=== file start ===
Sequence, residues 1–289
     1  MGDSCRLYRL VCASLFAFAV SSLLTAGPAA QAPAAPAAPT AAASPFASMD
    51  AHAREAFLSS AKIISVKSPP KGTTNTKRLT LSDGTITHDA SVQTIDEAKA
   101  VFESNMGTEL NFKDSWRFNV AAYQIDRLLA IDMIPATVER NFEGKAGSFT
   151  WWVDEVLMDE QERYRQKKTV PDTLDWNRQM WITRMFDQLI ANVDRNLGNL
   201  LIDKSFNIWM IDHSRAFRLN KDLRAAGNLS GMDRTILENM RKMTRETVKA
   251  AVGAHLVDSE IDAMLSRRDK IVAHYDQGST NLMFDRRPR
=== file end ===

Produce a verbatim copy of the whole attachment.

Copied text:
Sequence, residues 1–289
     1  MGDSCRLYRL VCASLFAFAV SSLLTAGPAA QAPAAPAAPT AAASPFASMD
    51  AHAREAFLSS AKIISVKSPP KGTTNTKRLT LSDGTITHDA SVQTIDEAKA
   101  VFESNMGTEL NFKDSWRFNV AAYQIDRLLA IDMIPATVER NFEGKAGSFT
   151  WWVDEVLMDE QERYRQKKTV PDTLDWNRQM WITRMFDQLI ANVDRNLGNL
   201  LIDKSFNIWM IDHSRAFRLN KDLRAAGNLS GMDRTILENM RKMTRETVKA
   251  AVGAHLVDSE IDAMLSRRDK IVAHYDQGST NLMFDRRPR